Let's be real, most of us are not good at making the first move towards a conversation. Especially if it's a stranger or a setting we are unfamiliar with. Yet, conversations drive connections, and connections are gold coins in the corporate world. Before you step into the corporate sector, you have to be well-equipped.
Can't figure out how to navigate these challenges and start a conversation in your new workplace? Here's our straight-to-the-point 8 step guide to nailing the much-needed networking skill.
Sometimes there's just no clever way to do it. You have to begin at the beginning. That means you ask questions about the person. Asking such questions means you are definitely interested in a conversation. Ask them about their work, or about a vacation they recently took, or about how they organise their work desks.
In most cases, asking questions will lead you to discover shared experiences, maybe you both love traveling or hiking, or maybe you’re gushing over the same football team. There's no end to the number of things you could discover about each other when you start asking about them. Be sincere with your questions and show interest in what they have to say, but do not ask intrusive questions.
One tip to go about asking the right questions is to feel the vibe of the person in front of you, and navigate the conversation accordingly. People usually like talking about themselves and their experiences, you just have to ask the right questions. If you can get this right, we guarantee that you will have a workplace friend in no time.
“Is that your picture? Wow, where was it taken? The place looks amazing!”
“How long have you been working as a copywriter? What got you into it?”
Compliments go a long way when it comes to starting conversations, but don’t go overboard and end up becoming all mushy. Pay a tiny compliment to your colleague. It could be anything you like about them, like complimenting their handwriting if you see it in front of you.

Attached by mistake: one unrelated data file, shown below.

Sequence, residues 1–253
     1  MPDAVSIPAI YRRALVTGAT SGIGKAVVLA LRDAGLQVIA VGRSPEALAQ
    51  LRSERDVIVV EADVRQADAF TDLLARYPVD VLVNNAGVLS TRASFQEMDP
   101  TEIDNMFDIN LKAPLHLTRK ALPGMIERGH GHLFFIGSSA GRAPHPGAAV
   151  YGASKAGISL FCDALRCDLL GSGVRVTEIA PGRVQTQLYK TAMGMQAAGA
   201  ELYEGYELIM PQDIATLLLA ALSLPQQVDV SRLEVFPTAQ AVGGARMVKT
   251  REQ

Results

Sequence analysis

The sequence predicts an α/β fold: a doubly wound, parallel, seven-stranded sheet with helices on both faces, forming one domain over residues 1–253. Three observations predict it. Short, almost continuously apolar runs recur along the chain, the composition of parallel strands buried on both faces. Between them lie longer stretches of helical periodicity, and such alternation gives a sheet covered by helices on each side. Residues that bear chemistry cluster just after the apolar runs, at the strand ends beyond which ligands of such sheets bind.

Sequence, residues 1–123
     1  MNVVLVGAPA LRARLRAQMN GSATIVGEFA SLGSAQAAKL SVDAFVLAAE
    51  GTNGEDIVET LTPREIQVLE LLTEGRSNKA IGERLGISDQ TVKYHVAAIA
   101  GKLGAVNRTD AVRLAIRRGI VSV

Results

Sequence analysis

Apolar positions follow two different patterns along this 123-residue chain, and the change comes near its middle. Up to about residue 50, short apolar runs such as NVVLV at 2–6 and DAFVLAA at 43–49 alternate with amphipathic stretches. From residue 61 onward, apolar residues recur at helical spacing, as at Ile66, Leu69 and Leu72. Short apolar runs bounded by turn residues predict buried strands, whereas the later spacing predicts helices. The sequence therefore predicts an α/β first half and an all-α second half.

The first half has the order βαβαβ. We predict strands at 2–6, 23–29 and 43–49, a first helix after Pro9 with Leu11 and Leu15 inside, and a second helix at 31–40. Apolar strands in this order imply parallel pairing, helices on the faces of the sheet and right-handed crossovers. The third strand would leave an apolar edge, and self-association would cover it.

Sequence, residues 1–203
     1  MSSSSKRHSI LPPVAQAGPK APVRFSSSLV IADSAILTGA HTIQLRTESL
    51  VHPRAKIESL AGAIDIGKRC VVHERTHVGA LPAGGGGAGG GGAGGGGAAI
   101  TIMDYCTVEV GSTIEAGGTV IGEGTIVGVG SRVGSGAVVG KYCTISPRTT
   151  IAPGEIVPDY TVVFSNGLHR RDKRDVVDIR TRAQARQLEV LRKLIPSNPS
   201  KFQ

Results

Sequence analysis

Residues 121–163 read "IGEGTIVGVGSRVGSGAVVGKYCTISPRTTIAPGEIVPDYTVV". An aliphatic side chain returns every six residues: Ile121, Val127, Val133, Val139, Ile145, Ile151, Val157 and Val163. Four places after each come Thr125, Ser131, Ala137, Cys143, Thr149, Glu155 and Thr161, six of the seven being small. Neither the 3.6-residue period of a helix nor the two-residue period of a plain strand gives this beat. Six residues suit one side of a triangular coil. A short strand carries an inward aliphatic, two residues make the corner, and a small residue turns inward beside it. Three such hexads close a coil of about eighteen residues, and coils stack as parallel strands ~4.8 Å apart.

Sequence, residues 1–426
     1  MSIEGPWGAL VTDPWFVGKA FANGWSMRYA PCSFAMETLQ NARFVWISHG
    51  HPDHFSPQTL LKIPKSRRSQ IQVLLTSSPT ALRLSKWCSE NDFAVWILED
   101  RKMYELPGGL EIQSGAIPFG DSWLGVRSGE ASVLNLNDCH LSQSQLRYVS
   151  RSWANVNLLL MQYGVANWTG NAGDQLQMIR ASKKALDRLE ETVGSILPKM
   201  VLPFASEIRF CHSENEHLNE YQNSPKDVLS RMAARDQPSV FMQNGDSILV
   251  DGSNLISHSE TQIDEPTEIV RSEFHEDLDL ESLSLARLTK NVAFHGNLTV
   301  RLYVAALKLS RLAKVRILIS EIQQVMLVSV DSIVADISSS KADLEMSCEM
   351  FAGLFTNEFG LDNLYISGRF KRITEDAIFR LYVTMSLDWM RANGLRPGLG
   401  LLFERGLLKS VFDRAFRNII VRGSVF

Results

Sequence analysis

Tell them you love their hairstyle. You could tell them how cool their shoes are. Anything that is right in front of you and would not make them feel like you are being too intrusive. Be genuine too, don't say it just for the sake of saying it.
Compliments brighten up people's days, and do wonders for their confidence. On top of it, you could easily ask questions to follow it up, like where did they get their shoes from or who is their hairstylist, and keep the conversation going.
“I love this shirt on you. Where did you get it from?”
“This new hair colour looks wonderful on you! Which salon did you go to?”
Start mundane and general. Talk about the weather. Talk about the new pizza shop in town. Ask for café recommendations. Or the latest movie they might have watched. Something general, that is not invasive, but shows that you are interested in talking to them.
There’s no need to be clever with words and ideas when it comes to workplace conversation starters. All it needs to be is appropriate and relatable. As long as you keep it neutral you do not run the risk of hurting anyone. Small talk might be difficult for some people, but that is exactly how you can navigate office conversations: Start small, go big later. All in good time.
“Do you think it’s going to rain later?”
“Did you try the café around the corner? How is it?”
You could also reverse the ball game here. If you find yourself in a fix, ask for their opinion on a matter you are struggling with. This works wonders because you have made the next person feel like they have helped you, their presence has mattered, and that is something that can make someone feel wonderful.
Trust us, making a person feel good is a good way to build friendships. If someone is able to help you, being on their favourable list is almost a sure thing. They trust you because you trust them. So, go ahead, do not hesitate to ask for help the next time you need it.
"Can you please help me with this printer? It seems to have a mind of its own!"
“Can you please show me how to work this attendance app?”